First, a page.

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It may seem like a down-the-road problem for Roseman, but he and his staff have long looked ahead to the 2019 offseason, particularly in how to construct the roster and salary cap with quarterback Carson Wentz eligible for what would likely be the largest contract in franchise history.
Hicks and company, meanwhile, have seemingly pushed their contract situations to the back burner.
"I don't know what they say with their agents and if they are talking and all that," Eagles coach Doug Pederson said Friday. "But once you go out to practice or you turn the lights on and the game's on, it's football, and these guys push all that stuff aside.
"I talk a lot about eliminating distractions and that could be a source of a distraction for any player. So, I haven't heard it. Haven't seen it. Especially when we're out on the field."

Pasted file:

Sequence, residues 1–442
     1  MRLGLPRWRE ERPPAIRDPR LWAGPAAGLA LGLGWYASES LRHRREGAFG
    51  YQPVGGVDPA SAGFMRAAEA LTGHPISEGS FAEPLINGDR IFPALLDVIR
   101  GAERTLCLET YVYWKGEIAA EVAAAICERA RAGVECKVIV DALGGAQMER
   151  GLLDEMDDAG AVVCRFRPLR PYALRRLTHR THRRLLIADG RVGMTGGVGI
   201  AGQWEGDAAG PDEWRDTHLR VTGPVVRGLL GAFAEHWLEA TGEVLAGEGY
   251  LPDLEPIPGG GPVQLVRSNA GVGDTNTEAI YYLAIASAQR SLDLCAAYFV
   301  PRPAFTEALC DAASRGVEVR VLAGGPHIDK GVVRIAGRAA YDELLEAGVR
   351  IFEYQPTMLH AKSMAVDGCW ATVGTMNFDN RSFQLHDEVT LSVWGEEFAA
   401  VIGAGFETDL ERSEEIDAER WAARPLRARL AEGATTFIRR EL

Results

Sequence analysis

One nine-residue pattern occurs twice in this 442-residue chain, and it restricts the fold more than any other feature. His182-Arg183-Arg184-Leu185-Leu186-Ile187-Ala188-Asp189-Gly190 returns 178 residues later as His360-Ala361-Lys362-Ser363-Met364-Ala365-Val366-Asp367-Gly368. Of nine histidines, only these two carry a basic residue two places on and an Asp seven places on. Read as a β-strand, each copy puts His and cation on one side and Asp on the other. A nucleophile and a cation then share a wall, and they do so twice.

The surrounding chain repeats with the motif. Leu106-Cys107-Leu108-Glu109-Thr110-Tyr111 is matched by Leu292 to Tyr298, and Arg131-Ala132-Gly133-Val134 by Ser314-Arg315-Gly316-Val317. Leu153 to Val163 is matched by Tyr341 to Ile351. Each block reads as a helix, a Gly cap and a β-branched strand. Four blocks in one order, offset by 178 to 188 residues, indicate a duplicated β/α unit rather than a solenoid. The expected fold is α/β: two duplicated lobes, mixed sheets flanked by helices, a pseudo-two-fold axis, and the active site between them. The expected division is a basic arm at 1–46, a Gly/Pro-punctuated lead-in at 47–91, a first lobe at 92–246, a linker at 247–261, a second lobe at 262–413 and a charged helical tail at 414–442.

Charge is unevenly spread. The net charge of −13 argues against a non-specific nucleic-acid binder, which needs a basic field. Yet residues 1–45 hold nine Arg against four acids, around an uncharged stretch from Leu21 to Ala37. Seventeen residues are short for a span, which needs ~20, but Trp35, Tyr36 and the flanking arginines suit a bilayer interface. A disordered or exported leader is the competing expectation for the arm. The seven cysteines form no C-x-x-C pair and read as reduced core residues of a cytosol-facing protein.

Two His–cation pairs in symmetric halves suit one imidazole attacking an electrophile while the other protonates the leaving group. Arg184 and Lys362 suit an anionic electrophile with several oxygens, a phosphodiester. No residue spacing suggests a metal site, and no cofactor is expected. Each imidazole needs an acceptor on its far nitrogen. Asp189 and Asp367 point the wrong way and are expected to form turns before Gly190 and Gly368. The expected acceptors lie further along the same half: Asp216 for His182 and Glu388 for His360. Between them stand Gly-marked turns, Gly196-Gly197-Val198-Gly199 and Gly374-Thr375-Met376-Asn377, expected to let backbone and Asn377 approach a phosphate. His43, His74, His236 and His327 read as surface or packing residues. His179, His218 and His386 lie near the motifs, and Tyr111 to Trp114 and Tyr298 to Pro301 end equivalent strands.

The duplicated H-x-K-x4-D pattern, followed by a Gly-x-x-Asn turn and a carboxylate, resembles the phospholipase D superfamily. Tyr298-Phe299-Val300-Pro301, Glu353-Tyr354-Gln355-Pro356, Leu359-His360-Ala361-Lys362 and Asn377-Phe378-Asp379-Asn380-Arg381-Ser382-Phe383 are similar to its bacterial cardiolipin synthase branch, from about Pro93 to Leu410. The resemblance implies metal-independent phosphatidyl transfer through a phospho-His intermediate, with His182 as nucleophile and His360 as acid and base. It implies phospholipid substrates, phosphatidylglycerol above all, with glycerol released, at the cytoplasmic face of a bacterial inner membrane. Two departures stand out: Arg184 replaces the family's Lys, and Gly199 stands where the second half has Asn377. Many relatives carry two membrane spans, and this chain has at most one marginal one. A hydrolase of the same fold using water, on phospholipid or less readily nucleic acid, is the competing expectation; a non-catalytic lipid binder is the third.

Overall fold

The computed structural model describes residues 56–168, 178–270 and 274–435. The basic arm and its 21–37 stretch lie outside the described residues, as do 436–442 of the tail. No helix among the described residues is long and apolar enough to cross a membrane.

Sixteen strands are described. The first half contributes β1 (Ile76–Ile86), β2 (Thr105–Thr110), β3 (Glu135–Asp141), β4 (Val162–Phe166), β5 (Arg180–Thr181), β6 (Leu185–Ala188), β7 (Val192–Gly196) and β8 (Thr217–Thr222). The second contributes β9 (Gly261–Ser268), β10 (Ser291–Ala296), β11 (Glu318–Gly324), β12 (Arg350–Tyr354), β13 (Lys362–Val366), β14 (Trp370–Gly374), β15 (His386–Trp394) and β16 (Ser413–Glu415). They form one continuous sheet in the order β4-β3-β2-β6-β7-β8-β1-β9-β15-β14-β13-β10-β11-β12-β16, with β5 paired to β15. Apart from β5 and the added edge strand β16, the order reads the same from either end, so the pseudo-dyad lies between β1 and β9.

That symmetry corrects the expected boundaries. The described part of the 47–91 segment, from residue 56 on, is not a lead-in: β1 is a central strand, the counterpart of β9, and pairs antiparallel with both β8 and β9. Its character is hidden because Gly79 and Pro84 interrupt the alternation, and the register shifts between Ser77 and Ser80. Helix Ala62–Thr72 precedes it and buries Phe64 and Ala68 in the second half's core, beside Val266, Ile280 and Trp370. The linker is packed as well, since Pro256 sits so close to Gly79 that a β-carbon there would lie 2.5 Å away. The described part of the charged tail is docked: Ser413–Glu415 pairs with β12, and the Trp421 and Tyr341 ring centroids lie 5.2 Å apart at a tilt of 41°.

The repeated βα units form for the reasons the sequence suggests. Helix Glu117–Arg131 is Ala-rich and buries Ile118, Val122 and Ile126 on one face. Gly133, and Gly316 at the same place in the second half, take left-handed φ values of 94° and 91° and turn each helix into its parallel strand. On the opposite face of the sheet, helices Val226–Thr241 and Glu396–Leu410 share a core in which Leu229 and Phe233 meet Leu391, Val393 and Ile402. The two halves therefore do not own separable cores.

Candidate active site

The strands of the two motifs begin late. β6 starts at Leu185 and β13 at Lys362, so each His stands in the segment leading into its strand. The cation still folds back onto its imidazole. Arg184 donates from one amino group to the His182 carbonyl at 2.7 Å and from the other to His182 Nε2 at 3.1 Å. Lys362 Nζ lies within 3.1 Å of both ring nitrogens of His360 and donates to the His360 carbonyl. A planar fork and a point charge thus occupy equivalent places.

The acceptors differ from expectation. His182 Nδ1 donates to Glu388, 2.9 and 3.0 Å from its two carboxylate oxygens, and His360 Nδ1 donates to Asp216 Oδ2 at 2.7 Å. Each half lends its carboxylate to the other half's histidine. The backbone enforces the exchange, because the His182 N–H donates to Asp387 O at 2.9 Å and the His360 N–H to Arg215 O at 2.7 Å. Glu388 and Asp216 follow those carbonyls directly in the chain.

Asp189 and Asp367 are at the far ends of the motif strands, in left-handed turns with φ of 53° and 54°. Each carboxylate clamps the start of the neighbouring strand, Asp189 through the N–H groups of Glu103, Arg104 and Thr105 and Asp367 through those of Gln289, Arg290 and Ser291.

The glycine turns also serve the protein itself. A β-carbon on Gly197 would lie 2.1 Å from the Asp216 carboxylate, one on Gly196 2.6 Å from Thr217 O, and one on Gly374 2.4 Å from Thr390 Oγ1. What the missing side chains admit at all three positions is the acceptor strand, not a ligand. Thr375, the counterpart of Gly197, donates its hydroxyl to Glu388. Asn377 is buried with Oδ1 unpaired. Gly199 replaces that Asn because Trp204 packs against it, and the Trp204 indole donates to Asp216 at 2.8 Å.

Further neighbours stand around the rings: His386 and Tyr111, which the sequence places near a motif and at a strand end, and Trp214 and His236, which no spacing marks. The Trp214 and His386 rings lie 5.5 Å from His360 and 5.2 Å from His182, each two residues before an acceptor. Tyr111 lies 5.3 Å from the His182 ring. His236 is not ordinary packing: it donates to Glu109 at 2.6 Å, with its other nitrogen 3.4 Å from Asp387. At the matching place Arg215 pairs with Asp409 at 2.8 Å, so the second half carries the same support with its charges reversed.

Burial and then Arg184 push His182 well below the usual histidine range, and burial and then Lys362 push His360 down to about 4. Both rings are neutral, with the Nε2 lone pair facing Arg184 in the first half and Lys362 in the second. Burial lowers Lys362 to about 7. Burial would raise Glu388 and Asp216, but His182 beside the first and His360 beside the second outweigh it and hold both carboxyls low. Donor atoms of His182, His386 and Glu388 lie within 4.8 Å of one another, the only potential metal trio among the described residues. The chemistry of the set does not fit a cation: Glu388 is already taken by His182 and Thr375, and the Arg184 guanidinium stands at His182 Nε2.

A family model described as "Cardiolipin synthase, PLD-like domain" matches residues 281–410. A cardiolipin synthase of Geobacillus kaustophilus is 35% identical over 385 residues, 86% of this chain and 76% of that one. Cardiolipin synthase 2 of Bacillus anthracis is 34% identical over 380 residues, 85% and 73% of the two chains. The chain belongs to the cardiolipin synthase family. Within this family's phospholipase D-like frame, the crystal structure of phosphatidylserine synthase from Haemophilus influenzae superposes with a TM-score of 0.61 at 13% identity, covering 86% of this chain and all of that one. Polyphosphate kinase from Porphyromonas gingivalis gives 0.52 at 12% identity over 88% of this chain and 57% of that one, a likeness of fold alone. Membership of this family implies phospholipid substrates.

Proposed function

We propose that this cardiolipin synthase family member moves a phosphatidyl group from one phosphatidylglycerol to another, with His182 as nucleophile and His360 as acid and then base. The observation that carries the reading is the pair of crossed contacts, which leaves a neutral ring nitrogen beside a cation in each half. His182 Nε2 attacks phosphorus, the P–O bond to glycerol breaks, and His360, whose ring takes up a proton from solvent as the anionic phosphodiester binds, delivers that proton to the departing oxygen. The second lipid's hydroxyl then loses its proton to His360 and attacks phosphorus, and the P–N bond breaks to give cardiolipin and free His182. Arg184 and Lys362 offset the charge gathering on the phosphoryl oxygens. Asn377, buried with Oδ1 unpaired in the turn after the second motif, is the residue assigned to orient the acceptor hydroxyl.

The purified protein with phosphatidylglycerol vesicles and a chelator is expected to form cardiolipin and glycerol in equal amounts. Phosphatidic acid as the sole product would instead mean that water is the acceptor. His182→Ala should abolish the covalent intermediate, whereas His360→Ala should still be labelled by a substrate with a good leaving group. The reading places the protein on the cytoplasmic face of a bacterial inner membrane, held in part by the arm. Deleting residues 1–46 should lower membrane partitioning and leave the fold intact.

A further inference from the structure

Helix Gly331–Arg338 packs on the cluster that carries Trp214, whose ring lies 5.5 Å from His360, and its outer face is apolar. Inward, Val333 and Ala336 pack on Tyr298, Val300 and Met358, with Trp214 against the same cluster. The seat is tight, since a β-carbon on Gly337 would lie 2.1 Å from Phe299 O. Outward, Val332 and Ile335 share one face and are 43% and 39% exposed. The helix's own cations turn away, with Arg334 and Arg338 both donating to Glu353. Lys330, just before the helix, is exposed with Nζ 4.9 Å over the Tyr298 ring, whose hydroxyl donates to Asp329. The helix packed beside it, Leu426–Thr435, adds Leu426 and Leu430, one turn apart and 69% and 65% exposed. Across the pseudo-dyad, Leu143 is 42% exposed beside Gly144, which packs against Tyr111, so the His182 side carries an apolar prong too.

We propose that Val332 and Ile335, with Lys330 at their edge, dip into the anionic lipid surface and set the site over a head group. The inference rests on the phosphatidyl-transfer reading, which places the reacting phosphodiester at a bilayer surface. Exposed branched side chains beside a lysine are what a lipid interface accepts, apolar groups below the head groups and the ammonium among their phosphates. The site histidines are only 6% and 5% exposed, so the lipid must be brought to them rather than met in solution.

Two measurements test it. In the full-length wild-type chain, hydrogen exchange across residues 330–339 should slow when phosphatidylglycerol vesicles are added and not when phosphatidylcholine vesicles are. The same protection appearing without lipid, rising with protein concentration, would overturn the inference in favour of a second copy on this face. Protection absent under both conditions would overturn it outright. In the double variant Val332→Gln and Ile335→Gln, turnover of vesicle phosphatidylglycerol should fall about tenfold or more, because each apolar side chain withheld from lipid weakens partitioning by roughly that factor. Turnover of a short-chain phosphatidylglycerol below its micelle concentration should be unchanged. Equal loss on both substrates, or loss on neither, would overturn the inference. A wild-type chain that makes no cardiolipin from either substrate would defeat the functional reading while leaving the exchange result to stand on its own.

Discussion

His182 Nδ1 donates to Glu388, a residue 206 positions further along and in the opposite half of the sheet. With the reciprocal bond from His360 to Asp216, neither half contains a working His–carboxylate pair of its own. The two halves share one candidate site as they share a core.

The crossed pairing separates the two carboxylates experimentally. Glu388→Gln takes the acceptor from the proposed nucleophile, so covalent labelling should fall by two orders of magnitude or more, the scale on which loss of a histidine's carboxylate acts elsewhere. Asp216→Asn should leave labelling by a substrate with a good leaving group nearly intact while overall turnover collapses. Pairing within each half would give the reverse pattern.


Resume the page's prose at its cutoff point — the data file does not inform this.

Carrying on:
Of course, the best way to make sure the business side doesn't affect the performance side is to play well. It's a motivating factor. And while all four are playing at varying levels, for various reasons, there is an argument that could be made for keeping each beyond 2018.
The same could be said for letting them walk. And that debate will extend to veterans with big contracts who can be either traded or released without a significant cap hit. Tackle Jason Peters, defensive end Michael Bennett, safety Rodney McLeod, and center Jason Kelce would be the most well-known names.
It's an annual offseason tradition, but the Eagles haven't had a looming franchise quarterback contract to contemplate in more than 15 years. The Eagles and Wentz may wait to sign an extension until after his fourth season, assuming he stays healthy and continues his career arc, but the advantage of having a quarterback on a rookie contract is nearing its end.
"There's a short window for guys who have big contracts, really, because, I think that, ultimately, obviously, you're going to have to pay Carson Wentz," Kelce said. "When that happens and how much that is, that's going to be a large amount of the salary cap. That's just inevitable."
Deserves Every Penny